Operator Interface

Human factors engineering delivers ROI

How to reduce human error, accidents and illness with user-centered work environments.

By Mary Ann Lane and Peggy Hewitt

Human factors engineering (HFE), also called ergonomics, applies scientific theory, principles, data and methods to optimize human wellbeing to spaces, devices and systems for human use. HFE deals with how people and their environment mesh. Breaking it down further, physical HFE deals with how the human body interacts with furniture and technology. The layout and design of workstations, working postures, line of sight, repetitive movements, fatigue management and personnel safety are all good examples of physical HFE.

Cognitive and organizational HFE focuses on all the other ways humans interact with their surroundings. Cognitive HFE usually includes analysis of mental workload, decision-making, job performance, work stress and training requirements. Organizational human factors include communication, personnel resource management, work design, design of working times, teamwork, virtual organizations and quality management.

By including HFE in the planning of a facility upgrade, you can improve safety, productivity, wellness, job satisfaction—and profits. Whether you're considering a new control room or renovating an existing one, you can make a strong business case to justify integrating HFE during front-end engineering and design (FEED) and throughout all project phases. The return on investment (ROI) that can be realized from increasing efficiencies with an optimized design can be substantial.

Prevent human error

The job of a human factors engineer is to evaluate room layout, proper furniture, required adjacencies of co-workers and noise levels. They're also responsible for defining cognitive and organizational tasks and risks with the goal of reducing the potential for human error.

The International Labor Organization estimates about 2.3 million men and women worldwide die each year from work-related accidents and diseases. There is a staggering amount of data available about work-related illnesses and accidents, most of which could have been prevented. Based on input from risk-management experts, the best way to manage high-cost, low-probability events is by reducing their impact. With HFE involvement, high-impact, low probability events are mitigated by reducing impact, likelihood or both.

HFE involvement starting in FEED is the best way to reduce workplace incidents. FEED focuses on technical requirements, rough costs and initial conceptual planning for projects. According to well-established studies cited by the Abnormal Situation Management (ASM) Consortium:

  • On average, a process industry incident occurs once every three days.
  • Loss of production due to incidents costs companies 3-8% of their capacity annually.
  • Costs of equipment repair, replacement, environmental fines, compensation for human casualties, investigation, litigation, etc., can double the cost and further impact a company’s profitability.

Three primary sources of incidents have been identified by research conducted by ASM Consortium member companies (Figure 1). A major cause of incidents was human error, along with process and equipment factors. The consortium also states that, compared with both process and equipment sources of incidents, human errors are “almost always preventable.” It's established in literature, confirmed by 18 plant studies in the U.S., Canada, and Europe that people:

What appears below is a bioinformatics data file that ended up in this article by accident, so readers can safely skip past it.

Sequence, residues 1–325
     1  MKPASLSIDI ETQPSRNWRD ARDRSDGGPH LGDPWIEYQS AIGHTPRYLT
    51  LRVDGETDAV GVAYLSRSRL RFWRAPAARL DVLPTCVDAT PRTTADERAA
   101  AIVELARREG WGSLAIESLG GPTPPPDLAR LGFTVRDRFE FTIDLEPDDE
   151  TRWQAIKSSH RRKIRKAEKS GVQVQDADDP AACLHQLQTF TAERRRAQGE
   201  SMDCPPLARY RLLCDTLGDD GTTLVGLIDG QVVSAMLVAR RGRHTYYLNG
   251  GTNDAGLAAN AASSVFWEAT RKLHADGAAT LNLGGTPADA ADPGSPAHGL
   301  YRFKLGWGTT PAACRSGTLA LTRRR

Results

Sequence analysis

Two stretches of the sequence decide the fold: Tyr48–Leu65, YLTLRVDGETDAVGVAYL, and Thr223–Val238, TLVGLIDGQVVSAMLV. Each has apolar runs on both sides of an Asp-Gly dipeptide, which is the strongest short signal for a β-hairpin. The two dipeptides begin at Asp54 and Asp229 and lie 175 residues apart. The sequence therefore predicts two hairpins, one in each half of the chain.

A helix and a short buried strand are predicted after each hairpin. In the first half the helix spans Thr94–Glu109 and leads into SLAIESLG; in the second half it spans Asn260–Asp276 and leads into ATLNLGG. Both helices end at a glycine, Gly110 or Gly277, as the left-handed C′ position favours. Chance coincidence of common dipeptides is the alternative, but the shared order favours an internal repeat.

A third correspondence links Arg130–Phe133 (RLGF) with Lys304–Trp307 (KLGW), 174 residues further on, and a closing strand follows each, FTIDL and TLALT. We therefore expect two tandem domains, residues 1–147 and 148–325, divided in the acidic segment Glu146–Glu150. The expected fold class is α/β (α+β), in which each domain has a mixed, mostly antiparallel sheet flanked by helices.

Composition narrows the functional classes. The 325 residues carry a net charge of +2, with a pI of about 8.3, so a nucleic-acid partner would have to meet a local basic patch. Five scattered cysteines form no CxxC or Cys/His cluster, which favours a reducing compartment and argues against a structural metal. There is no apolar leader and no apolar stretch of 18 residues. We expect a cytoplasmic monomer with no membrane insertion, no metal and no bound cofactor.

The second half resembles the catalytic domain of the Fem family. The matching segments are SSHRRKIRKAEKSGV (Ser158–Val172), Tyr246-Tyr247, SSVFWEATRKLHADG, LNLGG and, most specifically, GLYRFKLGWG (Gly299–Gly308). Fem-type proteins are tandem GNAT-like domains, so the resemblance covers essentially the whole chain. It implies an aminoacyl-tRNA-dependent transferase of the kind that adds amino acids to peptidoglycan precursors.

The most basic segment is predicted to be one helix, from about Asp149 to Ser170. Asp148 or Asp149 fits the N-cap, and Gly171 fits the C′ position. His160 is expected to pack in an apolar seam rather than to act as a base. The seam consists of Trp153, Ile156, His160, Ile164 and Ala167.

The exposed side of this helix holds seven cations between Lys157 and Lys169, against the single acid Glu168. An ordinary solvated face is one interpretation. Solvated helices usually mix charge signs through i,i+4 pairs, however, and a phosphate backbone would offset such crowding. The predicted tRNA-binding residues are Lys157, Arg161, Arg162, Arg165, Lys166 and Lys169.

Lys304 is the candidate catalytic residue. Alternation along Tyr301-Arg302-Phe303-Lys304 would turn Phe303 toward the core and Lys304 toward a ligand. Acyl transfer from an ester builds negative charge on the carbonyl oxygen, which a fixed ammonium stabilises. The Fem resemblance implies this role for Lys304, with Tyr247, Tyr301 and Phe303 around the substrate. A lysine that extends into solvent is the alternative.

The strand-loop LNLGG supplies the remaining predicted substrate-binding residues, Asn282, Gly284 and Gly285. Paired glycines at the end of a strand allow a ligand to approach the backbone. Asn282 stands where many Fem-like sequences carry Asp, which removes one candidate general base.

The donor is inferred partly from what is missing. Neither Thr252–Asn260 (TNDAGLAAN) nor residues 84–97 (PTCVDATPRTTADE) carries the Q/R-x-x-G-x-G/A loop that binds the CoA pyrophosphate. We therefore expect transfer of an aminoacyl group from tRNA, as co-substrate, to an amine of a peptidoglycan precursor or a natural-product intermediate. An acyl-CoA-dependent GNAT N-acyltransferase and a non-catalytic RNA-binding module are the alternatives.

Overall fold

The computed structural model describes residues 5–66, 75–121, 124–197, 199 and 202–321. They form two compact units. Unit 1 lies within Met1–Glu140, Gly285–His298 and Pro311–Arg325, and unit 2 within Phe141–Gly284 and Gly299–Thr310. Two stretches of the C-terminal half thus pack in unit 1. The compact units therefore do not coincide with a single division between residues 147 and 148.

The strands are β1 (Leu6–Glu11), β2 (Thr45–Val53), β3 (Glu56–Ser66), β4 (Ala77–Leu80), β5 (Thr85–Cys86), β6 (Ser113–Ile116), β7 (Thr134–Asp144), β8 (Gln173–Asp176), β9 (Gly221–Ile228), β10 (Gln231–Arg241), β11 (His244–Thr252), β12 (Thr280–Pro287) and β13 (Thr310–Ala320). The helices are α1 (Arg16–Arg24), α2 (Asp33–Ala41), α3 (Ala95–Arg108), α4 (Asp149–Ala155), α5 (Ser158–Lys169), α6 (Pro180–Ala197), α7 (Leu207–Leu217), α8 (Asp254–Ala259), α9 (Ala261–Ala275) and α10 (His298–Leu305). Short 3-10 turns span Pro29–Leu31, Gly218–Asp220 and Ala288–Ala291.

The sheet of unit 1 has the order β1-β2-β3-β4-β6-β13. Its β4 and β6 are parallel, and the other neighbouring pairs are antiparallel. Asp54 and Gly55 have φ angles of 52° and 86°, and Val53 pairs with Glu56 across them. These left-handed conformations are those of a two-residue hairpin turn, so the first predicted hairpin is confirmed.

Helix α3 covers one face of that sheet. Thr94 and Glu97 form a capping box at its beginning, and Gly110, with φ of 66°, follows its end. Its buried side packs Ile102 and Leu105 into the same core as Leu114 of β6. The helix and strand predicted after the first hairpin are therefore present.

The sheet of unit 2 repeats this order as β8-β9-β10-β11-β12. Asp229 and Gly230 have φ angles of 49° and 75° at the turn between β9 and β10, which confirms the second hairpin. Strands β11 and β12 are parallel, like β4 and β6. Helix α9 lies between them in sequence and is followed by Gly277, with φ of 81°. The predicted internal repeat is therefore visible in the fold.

•  Fail to detect problems in reams of data;
  •  Are required to make hasty interventions;
  •  May be unable to make consistent responses; and
  •  May be unable to communicate well.

So loss of production due to incidents costs companies 3-8% of their capacity annually, and a very significant cause is human error. Incidents often occur because operators are overwhelmed by data, noise and distractions causing them to miss early indications of problems, and make hasty and inconsistent responses. Poor communication inside and outside the control room may also contribute to the causing incidents. It's critical to involve HFE in any discussion of control room design, so the design can help reduce preventable human errors.

Design for safety

Driven by demands for safer, more reliable and efficient operations, the International Organization for Standardization 11064 standards were initially published in 2000 to create ergonomic and human factors guidelines for planning and design of control rooms with the goal of eliminating the potential for human error. As the use of technology and automation for monitoring plant systems has increased, so has the operator’s responsibility for juggling these tasks. Acts of omission, commission, timing and sequence can be potentially dangerous, and the ISO 11064 framework helps mitigate this danger by providing a systematic process to evaluate and address needs and solutions from the beginning of the planning process. Most petrochemical companies have developed their own safety standards that also contribute to workplace safety. Also, OSHA, ASM Consortium and the American Petroleum Institute are among a few other safety organizations that provide process safety guidelines.